As gays and lesbians, we're not unused to hearing lies told about us. For decades, homophobes and anti-gay activists have relied on the big lies to stoke fear of equality: the myth of recruitment, the specter of deviancy. In more recent years, foes of marriage equality such as Maggie Gallagher and the National Organization for Marriage, have told different lies: lies about our relationships, lies about our children, lies about their own heterosexual marriages.
Each lie is a slap in the face, but to some extent tolerable because we're confident that eventually our truth will win. The untruths spread by Anita Bryant in 1970s, Jerry Falwell in the 1980s, and James Dobson in the 1990s, have lost much of their sting as society has grown in its acceptance of gay and lesbian people. It's not unreasonable to think that the lies that led to the passage of Proposition 8 will lose their sting over time as well.
But perhaps the most pernicious lie being foisted on the nation by those opposed to gay and lesbian equality is the lie about democracy -- namely, the idea that the value of our lives should be determined by majority vote.
It wasn't that long ago that anti-gay groups lamented the fact that the gay movement had achieved many of its gains through the court system -- overturning Colorado's Amendment 2, ending sodomy laws with Lawrence v. Texas -- claiming that any pro-gay action by a court amounted to judicial activism. Legitimacy, we were told, could only come through the legislative process.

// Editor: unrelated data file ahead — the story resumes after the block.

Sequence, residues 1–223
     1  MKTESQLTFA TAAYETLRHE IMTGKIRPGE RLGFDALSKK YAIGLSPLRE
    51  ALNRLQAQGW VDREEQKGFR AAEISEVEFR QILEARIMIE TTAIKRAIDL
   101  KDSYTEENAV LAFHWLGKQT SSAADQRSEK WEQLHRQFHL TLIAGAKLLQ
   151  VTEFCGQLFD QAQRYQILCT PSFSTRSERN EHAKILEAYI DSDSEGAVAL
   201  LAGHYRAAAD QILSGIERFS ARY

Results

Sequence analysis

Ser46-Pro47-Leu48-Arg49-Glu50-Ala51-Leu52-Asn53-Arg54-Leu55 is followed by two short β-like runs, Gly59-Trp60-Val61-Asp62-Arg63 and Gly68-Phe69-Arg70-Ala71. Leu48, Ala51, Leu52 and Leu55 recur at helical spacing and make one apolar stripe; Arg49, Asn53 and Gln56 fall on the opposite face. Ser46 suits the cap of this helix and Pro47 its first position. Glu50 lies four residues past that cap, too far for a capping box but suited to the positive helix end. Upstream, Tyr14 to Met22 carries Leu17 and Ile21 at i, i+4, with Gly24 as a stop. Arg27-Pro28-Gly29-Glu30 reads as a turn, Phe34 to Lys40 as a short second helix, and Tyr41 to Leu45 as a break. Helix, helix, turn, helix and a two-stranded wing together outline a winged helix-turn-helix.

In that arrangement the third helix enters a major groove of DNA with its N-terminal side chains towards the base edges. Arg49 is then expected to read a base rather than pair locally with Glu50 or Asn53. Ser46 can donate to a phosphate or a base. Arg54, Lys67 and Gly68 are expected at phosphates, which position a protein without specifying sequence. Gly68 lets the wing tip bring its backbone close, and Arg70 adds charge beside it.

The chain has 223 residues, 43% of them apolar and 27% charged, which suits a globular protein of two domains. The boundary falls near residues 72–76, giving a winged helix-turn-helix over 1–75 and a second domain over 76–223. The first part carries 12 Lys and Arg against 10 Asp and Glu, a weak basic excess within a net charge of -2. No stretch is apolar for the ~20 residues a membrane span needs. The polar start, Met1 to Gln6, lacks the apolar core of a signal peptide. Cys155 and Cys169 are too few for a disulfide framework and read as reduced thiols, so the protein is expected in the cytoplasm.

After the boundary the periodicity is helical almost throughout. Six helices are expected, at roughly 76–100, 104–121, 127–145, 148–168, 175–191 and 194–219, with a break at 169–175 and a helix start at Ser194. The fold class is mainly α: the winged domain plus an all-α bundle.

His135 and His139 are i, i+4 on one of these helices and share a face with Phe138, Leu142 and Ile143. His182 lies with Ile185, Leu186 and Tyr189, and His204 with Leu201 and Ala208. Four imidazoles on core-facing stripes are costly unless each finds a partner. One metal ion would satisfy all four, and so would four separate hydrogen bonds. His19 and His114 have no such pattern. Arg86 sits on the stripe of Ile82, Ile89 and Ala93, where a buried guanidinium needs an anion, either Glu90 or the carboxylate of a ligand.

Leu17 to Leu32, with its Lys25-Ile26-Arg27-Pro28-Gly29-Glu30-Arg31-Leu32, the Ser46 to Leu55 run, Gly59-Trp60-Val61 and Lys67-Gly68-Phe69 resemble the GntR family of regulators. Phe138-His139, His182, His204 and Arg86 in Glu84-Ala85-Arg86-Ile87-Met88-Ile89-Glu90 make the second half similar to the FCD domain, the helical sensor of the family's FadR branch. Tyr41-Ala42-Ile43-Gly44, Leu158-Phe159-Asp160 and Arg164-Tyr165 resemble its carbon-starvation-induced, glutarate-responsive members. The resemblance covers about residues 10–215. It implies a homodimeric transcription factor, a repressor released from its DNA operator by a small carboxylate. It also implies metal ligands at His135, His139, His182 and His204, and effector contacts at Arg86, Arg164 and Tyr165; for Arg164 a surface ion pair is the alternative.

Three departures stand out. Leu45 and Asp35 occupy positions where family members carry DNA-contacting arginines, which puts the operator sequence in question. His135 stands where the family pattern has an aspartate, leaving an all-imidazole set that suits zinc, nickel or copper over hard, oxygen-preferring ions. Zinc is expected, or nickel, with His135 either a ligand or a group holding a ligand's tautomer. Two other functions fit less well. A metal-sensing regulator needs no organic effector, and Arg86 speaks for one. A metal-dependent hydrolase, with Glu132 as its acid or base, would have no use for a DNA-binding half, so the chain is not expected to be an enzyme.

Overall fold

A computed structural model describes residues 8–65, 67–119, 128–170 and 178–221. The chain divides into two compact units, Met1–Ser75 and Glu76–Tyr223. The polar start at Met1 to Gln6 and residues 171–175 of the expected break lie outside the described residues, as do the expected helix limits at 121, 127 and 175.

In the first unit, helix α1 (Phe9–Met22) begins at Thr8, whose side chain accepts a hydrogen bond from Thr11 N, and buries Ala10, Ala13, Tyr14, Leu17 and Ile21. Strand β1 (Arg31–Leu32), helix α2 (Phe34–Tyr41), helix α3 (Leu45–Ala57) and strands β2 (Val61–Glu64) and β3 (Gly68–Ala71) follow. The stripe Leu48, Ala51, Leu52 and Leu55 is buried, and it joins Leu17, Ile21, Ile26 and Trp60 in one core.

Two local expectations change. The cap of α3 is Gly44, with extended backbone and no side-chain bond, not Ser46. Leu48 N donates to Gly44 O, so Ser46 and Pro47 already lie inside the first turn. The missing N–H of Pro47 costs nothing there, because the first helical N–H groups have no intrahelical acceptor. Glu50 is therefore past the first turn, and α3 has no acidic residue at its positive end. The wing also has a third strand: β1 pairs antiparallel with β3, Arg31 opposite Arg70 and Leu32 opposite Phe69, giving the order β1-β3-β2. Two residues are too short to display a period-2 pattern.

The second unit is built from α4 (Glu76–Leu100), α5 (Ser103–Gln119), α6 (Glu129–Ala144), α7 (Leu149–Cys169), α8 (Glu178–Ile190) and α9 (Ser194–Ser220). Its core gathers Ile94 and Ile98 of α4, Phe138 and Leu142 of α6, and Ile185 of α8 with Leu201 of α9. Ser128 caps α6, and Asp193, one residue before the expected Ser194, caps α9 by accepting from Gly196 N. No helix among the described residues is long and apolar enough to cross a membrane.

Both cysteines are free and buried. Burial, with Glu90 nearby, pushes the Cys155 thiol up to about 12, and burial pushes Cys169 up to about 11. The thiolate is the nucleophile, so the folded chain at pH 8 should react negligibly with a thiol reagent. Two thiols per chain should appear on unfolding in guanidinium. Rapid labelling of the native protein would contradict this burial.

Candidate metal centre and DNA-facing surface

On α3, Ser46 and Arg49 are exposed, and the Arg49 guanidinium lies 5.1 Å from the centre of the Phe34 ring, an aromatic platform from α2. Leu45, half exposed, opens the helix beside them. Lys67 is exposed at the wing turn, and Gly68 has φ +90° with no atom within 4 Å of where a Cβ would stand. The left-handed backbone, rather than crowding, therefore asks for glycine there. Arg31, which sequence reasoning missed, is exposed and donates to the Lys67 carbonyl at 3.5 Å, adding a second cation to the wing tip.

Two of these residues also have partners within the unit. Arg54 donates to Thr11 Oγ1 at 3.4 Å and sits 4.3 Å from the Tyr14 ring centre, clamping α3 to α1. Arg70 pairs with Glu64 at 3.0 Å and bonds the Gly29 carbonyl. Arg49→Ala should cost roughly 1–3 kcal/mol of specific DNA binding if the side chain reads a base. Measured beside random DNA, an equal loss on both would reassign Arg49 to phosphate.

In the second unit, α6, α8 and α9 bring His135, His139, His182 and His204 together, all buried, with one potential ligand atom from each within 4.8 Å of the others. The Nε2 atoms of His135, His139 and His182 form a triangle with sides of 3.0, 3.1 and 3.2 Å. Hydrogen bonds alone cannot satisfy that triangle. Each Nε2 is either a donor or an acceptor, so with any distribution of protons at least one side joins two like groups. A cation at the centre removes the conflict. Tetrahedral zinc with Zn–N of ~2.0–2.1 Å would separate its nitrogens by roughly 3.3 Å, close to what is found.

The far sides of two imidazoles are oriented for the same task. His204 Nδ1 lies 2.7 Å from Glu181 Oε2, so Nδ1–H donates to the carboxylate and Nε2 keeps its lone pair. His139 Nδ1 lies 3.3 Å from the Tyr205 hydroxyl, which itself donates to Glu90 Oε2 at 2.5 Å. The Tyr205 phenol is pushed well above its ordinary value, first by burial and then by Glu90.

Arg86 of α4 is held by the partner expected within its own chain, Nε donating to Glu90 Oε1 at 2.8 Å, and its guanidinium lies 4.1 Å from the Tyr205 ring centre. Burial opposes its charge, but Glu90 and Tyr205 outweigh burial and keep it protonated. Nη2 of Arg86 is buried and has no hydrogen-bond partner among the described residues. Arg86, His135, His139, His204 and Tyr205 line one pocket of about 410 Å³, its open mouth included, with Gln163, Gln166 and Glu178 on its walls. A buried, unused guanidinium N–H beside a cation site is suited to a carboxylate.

So when we began achieving victories through legislation as well, the definition of legitimacy changed. For those opposed to marriage equality, convincing a democratically elected legislature is now no longer enough.
Tuesday night, Hawaii Gov. Linda Lingle (R) vetoed the civil-unions bill that had been passed by the state's legislature, calling it ''marriage by another name,'' and saying that it ''would be a mistake to allow a decision of this magnitude to be made by one individual.''
Well, of course it would be a mistake for one person to make a decision of that magnitude. That's why a legislature -- pretty much by definition consisting of more than one person -- considered, debated and passed the legislation.
Lingle attempts to cloak her cowardice in the symbols of democracy, claiming the decision on civil unions should be decided ''by all the people of Hawaii behind the curtain of the voting booth.''
I wish I could say that I was surprised by what is either ignorance of or disinterest in the American political system. We don't live in a direct democracy in which every issue, from the most pressing to the most frivolous, is put to the vote. As P.J. O'Rourke wrote, majority rule is ''not only worth dying for; it can make you wish you were dead. ... Every meal would be a pizza. Every pair of pants...would be stone-washed denim.''
And, it seems, every family would be ethnically homogenous and heterosexual. Of course, easy divorce and other things that actually have an impact on marriage rates and stability would continue to be legal because the majority tends to keep things cozy for itself.
But, flippancy aside, it's depressing to watch as people try to chip away at the fundamentals of representative democracy. I can only take some small comfort in knowing that no matter how feverishly they move the goalposts, in the end we'll still win.